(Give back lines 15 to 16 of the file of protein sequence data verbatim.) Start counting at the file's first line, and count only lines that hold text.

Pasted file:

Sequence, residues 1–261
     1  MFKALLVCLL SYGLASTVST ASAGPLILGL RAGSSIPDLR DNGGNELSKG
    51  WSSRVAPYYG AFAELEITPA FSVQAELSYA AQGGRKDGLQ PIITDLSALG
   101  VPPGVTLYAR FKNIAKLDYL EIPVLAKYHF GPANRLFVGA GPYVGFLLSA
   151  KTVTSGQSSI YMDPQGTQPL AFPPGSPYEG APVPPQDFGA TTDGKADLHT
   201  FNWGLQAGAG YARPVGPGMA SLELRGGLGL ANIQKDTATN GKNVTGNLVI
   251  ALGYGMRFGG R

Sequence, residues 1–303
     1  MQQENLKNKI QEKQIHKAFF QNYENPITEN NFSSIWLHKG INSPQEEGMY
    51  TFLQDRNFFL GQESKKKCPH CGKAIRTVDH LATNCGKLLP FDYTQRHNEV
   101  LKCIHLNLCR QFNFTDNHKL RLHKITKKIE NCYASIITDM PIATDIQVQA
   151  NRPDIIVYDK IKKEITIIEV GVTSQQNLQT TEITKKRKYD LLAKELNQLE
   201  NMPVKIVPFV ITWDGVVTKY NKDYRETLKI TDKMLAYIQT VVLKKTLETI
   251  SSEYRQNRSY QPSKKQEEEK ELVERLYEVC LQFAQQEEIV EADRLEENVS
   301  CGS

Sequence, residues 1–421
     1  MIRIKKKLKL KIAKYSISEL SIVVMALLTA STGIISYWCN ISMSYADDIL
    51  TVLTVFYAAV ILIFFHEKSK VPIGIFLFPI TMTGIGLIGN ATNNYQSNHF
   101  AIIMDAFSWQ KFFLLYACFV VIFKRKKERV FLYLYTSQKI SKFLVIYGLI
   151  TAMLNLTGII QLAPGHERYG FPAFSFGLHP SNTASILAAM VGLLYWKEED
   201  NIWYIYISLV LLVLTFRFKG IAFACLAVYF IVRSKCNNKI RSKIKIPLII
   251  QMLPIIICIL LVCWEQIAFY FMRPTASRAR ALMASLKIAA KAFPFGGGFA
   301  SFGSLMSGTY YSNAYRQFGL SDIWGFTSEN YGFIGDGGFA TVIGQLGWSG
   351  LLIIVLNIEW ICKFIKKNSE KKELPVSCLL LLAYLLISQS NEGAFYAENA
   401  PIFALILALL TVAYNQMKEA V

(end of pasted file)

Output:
   301  CGS

Sequence, residues 1–421